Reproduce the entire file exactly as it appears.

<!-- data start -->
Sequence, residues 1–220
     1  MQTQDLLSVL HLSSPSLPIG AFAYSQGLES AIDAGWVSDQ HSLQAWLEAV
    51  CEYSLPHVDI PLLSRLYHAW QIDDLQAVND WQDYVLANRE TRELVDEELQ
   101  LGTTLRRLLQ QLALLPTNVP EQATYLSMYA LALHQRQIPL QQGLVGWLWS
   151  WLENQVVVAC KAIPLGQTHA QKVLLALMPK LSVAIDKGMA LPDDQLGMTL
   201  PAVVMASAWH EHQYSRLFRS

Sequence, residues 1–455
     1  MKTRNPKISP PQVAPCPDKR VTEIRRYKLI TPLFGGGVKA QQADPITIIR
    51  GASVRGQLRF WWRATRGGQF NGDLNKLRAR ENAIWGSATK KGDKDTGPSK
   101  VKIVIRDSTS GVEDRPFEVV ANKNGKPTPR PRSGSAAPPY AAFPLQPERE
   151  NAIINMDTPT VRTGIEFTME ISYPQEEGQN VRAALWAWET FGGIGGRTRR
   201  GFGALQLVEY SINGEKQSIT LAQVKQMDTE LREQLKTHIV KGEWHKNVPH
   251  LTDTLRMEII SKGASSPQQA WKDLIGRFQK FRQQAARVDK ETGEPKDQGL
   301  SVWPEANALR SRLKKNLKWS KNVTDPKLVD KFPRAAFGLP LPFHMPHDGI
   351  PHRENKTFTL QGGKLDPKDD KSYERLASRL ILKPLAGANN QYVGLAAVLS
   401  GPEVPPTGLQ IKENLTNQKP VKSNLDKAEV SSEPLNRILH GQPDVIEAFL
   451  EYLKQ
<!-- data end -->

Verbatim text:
Sequence, residues 1–220
     1  MQTQDLLSVL HLSSPSLPIG AFAYSQGLES AIDAGWVSDQ HSLQAWLEAV
    51  CEYSLPHVDI PLLSRLYHAW QIDDLQAVND WQDYVLANRE TRELVDEELQ
   101  LGTTLRRLLQ QLALLPTNVP EQATYLSMYA LALHQRQIPL QQGLVGWLWS
   151  WLENQVVVAC KAIPLGQTHA QKVLLALMPK LSVAIDKGMA LPDDQLGMTL
   201  PAVVMASAWH EHQYSRLFRS

Sequence, residues 1–455
     1  MKTRNPKISP PQVAPCPDKR VTEIRRYKLI TPLFGGGVKA QQADPITIIR
    51  GASVRGQLRF WWRATRGGQF NGDLNKLRAR ENAIWGSATK KGDKDTGPSK
   101  VKIVIRDSTS GVEDRPFEVV ANKNGKPTPR PRSGSAAPPY AAFPLQPERE
   151  NAIINMDTPT VRTGIEFTME ISYPQEEGQN VRAALWAWET FGGIGGRTRR
   201  GFGALQLVEY SINGEKQSIT LAQVKQMDTE LREQLKTHIV KGEWHKNVPH
   251  LTDTLRMEII SKGASSPQQA WKDLIGRFQK FRQQAARVDK ETGEPKDQGL
   301  SVWPEANALR SRLKKNLKWS KNVTDPKLVD KFPRAAFGLP LPFHMPHDGI
   351  PHRENKTFTL QGGKLDPKDD KSYERLASRL ILKPLAGANN QYVGLAAVLS
   401  GPEVPPTGLQ IKENLTNQKP VKSNLDKAEV SSEPLNRILH GQPDVIEAFL
   451  EYLKQ